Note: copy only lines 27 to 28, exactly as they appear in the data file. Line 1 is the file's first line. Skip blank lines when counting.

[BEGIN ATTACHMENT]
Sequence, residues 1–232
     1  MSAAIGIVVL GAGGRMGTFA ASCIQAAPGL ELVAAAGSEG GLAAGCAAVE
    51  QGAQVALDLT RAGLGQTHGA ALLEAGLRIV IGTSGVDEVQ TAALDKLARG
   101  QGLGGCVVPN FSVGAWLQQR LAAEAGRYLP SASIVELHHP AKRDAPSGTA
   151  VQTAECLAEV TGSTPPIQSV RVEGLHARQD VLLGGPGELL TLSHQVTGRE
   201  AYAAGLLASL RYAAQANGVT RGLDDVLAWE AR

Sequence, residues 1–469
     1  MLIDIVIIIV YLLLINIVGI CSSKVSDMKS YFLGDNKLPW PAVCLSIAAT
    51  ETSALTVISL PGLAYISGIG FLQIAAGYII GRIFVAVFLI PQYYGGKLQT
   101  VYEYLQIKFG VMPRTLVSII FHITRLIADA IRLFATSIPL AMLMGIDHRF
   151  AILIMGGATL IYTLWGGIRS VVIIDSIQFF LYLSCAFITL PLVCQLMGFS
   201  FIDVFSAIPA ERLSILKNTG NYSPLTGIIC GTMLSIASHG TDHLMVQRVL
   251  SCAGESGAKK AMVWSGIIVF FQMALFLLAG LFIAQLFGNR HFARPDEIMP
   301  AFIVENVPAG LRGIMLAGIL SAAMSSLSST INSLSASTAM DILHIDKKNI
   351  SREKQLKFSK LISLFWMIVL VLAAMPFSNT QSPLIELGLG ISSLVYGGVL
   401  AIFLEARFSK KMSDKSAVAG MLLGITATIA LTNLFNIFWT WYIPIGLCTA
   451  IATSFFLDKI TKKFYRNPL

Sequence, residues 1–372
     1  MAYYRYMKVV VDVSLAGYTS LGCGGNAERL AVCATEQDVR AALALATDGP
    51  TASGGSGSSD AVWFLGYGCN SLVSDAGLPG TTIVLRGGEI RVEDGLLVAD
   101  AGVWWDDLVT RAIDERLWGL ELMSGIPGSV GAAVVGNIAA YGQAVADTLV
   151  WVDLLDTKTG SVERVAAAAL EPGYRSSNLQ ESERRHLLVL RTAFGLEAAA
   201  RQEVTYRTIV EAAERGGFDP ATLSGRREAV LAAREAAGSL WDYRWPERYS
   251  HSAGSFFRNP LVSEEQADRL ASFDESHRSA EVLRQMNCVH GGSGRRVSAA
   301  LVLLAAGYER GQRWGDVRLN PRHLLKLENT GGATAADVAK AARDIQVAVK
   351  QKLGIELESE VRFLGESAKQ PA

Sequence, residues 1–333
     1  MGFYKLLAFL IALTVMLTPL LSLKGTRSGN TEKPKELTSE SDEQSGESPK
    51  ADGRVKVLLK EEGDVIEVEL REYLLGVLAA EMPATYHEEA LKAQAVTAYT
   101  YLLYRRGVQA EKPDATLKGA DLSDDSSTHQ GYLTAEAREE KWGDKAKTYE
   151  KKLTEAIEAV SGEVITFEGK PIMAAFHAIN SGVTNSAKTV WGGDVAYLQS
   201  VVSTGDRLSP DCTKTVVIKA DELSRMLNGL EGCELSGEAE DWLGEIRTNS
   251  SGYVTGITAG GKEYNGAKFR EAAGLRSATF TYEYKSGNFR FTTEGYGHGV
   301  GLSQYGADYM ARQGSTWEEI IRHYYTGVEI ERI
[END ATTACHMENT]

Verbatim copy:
Sequence, residues 1–333
     1  MGFYKLLAFL IALTVMLTPL LSLKGTRSGN TEKPKELTSE SDEQSGESPK